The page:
3. Allow entry to anyone who indicates they cannot medically tolerate a face covering, while excluding others whose reasons for not wearing one are not covered in the EO or are not covered under the ADA or PWDCRA.

The revisions in Executive Order 2020-153 also clarify that wearing a mask at a polling place for purposes of voting in an election is not required, though wearing a mask to protect yourself and others is strongly encouraged. Additionally, the Order explicitly requires public safety officers to wear a face covering unless doing so would seriously interfere with the performance of their responsibilities.

Masks are not required for those younger than five years old, for those who are unable to medically tolerate the wearing of a mask, or when eating, drinking, exercising and when temporary removal of the mask is essential to perform a service. The Order also requires face coverings to be worn (i) outdoors whenever an individual in unable to consistently maintain a distance of six feet or more from individuals who are not members of their household, (ii) when waiting for or riding on public transportation, or (iii) while in a taxi or ride-sharing vehicle or when using a private car service.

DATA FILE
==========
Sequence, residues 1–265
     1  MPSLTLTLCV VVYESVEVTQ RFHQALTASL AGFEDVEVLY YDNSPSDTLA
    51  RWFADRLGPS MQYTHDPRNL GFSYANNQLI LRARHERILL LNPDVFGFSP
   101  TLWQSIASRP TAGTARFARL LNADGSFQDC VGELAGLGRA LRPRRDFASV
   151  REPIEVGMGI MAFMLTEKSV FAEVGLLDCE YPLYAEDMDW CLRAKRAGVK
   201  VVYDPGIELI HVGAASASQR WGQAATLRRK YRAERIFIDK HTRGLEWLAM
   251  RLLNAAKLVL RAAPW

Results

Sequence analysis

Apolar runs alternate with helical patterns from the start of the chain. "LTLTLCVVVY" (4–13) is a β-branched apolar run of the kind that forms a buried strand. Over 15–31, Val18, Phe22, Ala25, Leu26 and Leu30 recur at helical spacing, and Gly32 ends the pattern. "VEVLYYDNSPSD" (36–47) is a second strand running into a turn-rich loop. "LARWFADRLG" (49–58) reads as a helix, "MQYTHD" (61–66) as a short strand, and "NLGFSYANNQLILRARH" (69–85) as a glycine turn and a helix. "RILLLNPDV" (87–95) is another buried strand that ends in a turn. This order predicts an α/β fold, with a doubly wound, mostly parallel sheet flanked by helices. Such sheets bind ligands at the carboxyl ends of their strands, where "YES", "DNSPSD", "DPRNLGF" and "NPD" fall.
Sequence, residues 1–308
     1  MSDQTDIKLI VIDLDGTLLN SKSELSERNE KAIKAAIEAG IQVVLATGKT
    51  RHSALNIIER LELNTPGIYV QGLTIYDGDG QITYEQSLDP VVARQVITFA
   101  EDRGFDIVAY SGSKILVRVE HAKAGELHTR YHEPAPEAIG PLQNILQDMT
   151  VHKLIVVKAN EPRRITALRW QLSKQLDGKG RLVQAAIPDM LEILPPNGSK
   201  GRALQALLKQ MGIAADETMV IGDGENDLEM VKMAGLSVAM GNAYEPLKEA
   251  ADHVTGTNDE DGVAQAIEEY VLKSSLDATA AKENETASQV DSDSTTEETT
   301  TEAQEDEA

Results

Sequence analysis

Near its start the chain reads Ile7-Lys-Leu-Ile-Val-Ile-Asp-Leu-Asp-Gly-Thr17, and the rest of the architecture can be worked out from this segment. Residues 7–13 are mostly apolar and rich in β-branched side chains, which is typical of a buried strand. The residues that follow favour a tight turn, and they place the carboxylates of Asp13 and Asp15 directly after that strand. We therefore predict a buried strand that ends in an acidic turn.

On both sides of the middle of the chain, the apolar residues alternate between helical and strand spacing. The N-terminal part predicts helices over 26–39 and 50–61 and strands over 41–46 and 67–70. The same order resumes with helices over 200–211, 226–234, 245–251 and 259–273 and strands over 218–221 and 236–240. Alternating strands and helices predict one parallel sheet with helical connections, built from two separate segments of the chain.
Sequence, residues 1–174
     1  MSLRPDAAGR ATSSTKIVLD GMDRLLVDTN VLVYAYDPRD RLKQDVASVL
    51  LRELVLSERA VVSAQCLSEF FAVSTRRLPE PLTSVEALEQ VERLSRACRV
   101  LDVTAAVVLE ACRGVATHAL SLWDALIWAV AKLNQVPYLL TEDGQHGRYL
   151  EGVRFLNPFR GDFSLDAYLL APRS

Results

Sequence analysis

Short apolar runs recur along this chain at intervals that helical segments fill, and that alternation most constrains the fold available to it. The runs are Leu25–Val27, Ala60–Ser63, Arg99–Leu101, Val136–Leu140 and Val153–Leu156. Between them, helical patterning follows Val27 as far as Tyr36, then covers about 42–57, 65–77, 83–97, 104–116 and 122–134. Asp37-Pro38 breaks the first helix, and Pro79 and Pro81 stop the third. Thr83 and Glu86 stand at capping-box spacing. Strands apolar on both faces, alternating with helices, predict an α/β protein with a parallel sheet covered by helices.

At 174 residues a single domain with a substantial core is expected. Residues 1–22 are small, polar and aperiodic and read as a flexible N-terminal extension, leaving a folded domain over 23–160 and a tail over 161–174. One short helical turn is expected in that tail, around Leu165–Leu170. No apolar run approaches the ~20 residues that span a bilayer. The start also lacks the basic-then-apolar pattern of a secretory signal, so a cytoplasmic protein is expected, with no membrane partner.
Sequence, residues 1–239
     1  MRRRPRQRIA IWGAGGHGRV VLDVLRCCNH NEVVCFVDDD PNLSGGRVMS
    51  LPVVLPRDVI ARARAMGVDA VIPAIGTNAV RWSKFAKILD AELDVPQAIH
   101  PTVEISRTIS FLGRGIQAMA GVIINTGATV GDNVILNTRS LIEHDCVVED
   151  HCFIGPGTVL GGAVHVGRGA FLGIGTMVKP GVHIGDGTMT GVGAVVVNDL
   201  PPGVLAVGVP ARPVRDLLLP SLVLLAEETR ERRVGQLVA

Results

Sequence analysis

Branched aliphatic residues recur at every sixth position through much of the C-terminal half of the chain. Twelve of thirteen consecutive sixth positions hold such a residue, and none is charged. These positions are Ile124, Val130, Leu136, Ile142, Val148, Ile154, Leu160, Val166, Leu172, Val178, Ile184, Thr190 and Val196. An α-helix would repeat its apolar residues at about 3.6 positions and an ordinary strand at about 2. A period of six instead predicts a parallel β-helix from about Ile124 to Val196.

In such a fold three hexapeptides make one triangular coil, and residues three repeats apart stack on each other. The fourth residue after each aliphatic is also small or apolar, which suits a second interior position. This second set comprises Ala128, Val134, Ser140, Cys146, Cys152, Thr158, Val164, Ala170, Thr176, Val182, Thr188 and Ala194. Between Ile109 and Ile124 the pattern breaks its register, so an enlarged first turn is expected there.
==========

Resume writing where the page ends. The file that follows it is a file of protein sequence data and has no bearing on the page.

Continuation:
Businesses found to be in violation of the Order are subject to operating license suspension or revocation under Section 92 of the Administrative Procedures Act of 1969. (1969 PA 306, as amended, MCL 24.292(2)). Willful noncompliance of the Order constitutes a misdemeanor, and imposes a fine of up to $500 for each violation.  

© 2020 Foley & Lardner LLPNational Law Review, Volume X, Number 202
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Steven H. Hilfinger, Foley Lardner, Senior Lender Counsel, Global Finance Lawyer
Partner

Steve Hilfinger is a partner and business lawyer with Foley & Lardner LLP. He has more than 25 years of transactional and finance experience, including representing private and public companies, senior lenders, mezzanine lenders and borrowers, venture capital funds and private equity funds, automotive suppliers and other manufacturers. Mr. Hilfinger focuses his practice in corporate and securities law matters, including mergers and acquisitions, corporate restructurings, private equity and venture capital transactions, debt and equity finance transactions, business...